No basketball game, corporation, or entertainment event is worth even one little girl being sexually assaulted in a bathroom or one 14-year old girl losing her privacy and dignity to a 14-year old boy in a locker room. Nor is it worth one business owner being put out of business or losing their livelihood. Efforts for a compromise on North Carolina’s privacy protections law had been going for on for months, almost as soon as the bill pass, and continued past the November election. Strangely and suddenly during Christmas week Charlotte City Council agreed to a deal to reset both HB2 and Charlotte’s ordinance and it appeared that the compromise many had sought would be a done deal but the deal between Roy Cooper, Jennifer Roberts and the General Assembly ultimately fell apart because of mistrust.
The way Charlotte mayor Jennifer Roberts and her City Council, EqualityNC and the Human Rights Campaign pushed through Charlotte’s ordinance is where all the mistrust started. Their ordinance forced the General Assembly to act quickly to prevent the ordinance from going into effect to stop the City of Charlotte from running over Article VII Section 1 of the NC Constitution, which says, “The General Assembly….may give such powers and duties to counties, cities and towns and other governmental subdivisions as it may deem advisable.” On multiple occasions Rep Dan Bishop, Governor McCrory, Speaker Tim Moore and others advised, warned and pleaded with Charlotte leaders not to pass the ordinance but their ultimate response was “Raleigh will do what Raleigh will do” and with a raised back and defiant spirit City Council passed their egregious ordinance.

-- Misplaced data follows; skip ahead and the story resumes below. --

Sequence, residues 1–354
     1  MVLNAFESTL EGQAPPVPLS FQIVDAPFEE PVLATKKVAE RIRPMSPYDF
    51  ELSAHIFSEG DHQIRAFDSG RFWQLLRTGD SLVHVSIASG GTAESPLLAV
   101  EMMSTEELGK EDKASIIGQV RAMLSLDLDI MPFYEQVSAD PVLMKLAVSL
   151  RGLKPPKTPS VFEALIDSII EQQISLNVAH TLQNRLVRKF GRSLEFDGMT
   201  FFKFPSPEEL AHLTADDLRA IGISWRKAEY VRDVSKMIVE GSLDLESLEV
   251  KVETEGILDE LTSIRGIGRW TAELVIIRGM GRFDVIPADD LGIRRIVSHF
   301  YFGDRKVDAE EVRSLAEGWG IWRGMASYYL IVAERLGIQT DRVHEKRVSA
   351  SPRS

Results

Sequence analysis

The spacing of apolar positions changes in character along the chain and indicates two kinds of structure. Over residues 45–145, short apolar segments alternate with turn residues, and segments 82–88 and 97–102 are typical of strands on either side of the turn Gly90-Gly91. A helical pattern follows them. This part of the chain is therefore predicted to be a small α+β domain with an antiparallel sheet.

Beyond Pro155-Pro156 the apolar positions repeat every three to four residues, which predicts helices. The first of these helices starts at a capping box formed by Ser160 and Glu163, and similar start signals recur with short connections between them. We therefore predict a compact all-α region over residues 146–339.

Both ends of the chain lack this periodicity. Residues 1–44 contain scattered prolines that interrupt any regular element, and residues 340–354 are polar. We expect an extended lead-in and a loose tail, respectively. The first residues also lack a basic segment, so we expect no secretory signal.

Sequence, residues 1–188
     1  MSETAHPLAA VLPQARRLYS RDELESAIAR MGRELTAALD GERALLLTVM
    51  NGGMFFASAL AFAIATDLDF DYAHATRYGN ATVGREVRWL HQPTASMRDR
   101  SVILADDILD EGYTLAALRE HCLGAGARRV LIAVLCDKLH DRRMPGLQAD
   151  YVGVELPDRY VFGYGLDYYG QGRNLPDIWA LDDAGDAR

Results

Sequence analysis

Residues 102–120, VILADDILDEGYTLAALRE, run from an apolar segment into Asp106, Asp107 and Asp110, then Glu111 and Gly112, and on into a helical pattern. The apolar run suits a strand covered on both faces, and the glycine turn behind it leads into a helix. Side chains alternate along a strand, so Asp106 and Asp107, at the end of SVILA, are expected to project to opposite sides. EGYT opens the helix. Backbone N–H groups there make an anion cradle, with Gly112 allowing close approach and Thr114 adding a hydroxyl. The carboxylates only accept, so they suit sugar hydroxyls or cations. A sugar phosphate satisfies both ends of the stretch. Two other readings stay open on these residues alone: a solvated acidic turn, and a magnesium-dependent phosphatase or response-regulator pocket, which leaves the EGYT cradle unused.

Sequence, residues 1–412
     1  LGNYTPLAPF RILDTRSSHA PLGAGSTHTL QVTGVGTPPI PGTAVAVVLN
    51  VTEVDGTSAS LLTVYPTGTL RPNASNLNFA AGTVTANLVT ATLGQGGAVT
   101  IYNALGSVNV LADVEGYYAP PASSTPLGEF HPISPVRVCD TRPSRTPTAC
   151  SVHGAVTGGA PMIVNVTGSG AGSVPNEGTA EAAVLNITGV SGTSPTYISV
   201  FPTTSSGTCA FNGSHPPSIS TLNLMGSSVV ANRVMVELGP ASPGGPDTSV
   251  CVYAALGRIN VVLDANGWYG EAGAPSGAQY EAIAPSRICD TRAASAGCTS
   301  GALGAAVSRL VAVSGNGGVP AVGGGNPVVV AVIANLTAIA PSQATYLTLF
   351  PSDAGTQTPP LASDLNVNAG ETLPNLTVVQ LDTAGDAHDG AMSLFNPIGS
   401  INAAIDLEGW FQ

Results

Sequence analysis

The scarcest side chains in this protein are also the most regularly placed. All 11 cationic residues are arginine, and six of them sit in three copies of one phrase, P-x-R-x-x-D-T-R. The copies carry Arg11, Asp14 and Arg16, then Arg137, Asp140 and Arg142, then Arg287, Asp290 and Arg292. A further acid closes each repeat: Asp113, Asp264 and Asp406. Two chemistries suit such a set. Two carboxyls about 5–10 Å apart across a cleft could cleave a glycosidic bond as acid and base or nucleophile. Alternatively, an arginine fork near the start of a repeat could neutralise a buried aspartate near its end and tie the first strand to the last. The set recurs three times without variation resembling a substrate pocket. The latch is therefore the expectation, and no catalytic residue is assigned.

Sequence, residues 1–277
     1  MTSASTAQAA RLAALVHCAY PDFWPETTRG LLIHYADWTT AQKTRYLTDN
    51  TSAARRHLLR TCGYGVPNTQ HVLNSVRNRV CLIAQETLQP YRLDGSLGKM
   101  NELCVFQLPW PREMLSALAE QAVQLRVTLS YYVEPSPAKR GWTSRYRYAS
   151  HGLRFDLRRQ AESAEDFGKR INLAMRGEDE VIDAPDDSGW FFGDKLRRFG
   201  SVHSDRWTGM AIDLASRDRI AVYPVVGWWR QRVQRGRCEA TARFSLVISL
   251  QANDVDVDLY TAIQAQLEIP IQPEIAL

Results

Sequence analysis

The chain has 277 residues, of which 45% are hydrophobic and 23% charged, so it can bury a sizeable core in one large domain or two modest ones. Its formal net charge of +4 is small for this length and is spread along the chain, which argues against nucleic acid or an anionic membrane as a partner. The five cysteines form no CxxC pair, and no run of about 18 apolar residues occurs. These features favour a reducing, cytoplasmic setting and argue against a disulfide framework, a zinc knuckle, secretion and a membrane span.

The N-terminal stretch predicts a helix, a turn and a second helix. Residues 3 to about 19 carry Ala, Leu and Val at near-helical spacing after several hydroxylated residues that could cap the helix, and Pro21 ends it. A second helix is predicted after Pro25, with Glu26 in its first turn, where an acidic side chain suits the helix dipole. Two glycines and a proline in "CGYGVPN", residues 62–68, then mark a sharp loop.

From the beginning the grand compromise had all the signals of a political trap. Although City Council said they repealed their ordinance it was discovered they really did not. This added gasoline to the already heightened mistrust issues between Council and the General Assembly. Then EqualityNC and Human Rights Campaign along with a Democratic Councilman in Durham took to social media to declare that once the General Assembly repealed HB2, their intent was to pass Charlotte-like ordinances and Roberts declared to LGBT advocates that there was a “long-game.” Although Council did come back early Wednesday morning to fully repeal their non-discrimination the damage had already been done. Senator Berger added to the repeal language of SB4, a cooling off period which he called a “moratorium on local governments” to prevent municipalities from passing any local ordinance regulating employment practices or regulating public accommodations or access to restrooms, showers or changing facilities.”
Roy Cooper cried foul and claimed the moratorium was nothing more than HB2 2.0 and was simply extending the discrimination in North Carolina before HB2 was passed. During the Senate debate Governor Elect Roy Cooper, who crafted the deal for the Hb2 Repeal, took the unexpected position of privately contacting Senators to vote against the repeal. At the end of the day it was a lack of trust between Democrat and Republican members in the Senate as well as mistrust between Raleigh and Charlotte that killed the Repeal Deal and let HB2 Stand. We celebrate the Christmas season and enter into a new year encouraged that our leaders did not sacrifice the privacy, safety, or freedom of young girls by forcing them to use the bathroom, shower, or change clothes with grown men just to satisfy the demands of greedy businesses, immoral sports organizations, or angry mobs. Although the repeal deal was orchestrated by Governor-Elect Roy Cooper, not a single Democrat in the Senate voted for the repeal.
As the General Assembly convenes in January surely we can all agree that fashion designers, bakers, florist, wedding chapels and all citizens should have the freedom to live and work according to their beliefs and live without facing discrimination or risk of fines and/or losing their job.